The exams system will deliver “credible, strong results” for the overwhelming majority of young people, Education Secretary Gavin Williamson has said.
Speaking ahead of pupils receiving their A-level results on Thursday, Mr Williamson described the exams system as “fair” and “robust”.
It comes as universities and schools across England demand clarity from ministers over how pupils will be able to appeal over the grades they receive.
The Government announced late on Tuesday that A-level and GCSE students will be able to use results in valid mock exams to appeal if they are unhappy with their results.
In an interview with the BBC, Mr Williamson said: “The system, for the overwhelming majority of young people, is going to deliver, you know, credible, strong results for every single one of them.
“It’s a robust system, it’s a fair system, it’s making sure that young people get the grades that they’ve worked so hard towards.”
Mr Williamson continued: “What is key is giving young people the opportunity to move on to the next stage of their lives, making sure that they have the opportunity to go on to college, go to university, take an apprenticeship, go into the world of work.”
He added: “We’ve got a system that is, I believe, he fairest that we can do; but let’s not forget that we’ve been in a global pandemic, we’ve been in a situation none of us would have expected to be in.”
The Education Secretary also apologised to children whose learning had been disrupted by the Covid-19 pandemic.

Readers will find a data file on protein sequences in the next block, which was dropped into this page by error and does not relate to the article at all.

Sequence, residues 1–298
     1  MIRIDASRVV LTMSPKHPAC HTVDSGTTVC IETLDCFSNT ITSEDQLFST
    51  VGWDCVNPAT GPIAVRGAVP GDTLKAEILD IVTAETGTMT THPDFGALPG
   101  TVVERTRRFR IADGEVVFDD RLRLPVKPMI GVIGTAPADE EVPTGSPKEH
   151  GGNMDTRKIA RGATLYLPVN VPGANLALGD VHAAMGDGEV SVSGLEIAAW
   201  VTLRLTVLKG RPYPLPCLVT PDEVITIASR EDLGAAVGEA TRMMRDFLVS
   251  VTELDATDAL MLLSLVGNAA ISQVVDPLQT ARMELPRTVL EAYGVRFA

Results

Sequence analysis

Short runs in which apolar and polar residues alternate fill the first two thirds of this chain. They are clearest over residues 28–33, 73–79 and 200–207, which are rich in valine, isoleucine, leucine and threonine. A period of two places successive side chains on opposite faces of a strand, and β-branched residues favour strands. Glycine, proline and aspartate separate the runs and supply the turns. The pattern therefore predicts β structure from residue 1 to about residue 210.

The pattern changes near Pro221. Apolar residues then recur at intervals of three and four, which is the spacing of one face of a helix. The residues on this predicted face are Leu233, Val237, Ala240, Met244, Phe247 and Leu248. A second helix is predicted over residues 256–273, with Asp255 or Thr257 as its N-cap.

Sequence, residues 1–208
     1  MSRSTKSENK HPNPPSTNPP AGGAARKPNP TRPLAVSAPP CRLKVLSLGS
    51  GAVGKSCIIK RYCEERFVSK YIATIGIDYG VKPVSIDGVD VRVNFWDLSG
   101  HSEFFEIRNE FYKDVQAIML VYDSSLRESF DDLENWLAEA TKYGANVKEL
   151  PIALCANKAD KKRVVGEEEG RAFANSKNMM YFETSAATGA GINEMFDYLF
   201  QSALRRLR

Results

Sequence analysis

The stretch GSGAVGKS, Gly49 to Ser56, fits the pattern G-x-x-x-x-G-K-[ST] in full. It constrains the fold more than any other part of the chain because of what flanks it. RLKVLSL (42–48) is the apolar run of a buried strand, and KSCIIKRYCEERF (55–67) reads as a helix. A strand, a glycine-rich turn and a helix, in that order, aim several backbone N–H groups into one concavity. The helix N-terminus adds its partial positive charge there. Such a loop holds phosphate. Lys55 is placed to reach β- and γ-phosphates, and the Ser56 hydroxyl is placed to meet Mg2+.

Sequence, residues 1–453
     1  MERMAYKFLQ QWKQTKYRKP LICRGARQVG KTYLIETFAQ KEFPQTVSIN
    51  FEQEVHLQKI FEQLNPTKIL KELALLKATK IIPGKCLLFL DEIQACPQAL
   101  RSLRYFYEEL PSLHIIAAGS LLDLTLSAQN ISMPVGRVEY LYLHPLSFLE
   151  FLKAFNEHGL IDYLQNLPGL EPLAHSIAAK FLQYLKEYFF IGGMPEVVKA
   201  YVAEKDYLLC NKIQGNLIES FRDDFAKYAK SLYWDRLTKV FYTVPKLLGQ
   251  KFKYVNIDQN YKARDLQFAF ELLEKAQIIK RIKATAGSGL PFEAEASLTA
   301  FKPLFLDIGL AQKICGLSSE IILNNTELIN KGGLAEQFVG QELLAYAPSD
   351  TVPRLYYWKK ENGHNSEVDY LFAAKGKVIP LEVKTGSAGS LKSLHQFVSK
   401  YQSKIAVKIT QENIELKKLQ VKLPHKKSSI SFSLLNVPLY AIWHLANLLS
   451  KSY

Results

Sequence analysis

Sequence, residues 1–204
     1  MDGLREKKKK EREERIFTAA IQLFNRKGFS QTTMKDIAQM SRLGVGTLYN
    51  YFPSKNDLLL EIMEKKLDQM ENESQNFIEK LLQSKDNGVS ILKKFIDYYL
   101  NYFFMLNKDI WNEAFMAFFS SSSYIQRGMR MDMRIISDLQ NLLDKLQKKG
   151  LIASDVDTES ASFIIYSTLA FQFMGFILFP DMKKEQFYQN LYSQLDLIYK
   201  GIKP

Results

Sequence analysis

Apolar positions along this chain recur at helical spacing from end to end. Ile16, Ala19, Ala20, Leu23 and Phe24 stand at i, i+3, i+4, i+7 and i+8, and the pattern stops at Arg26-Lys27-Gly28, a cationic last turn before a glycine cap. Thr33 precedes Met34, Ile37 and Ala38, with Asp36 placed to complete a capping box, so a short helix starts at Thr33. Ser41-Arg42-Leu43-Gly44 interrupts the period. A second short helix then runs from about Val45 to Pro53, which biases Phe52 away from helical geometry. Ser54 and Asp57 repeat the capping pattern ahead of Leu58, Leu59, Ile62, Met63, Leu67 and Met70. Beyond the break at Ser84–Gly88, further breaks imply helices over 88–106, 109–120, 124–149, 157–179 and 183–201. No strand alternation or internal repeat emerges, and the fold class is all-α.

He said: “I apologise to every single child right across the country for the disruption that they’ve had to suffer.”
Labour leader Sir Keir Starmer earlier said that it was a “blatant injustice” that young people could have their futures decided by their postcode as a result of the exams system.
He said: “Pupils and parents are rightly worried that years of hard work are about to be undone because a computer has decided to mark their child down.
“For too long, the Tories have considered the needs of young people as an afterthought when their needs should have been central.
“It’s a blatant injustice that thousands of hard-working young people risk having their futures decided on the basis of their postcode.”
In Scotland, there had been protests after the exam results of many pupils were downgraded by a controversial moderation process.
On Tuesday, Scotland’s Education Secretary John Swinney announced that downgraded results would revert to the grades estimated by pupils’ teachers.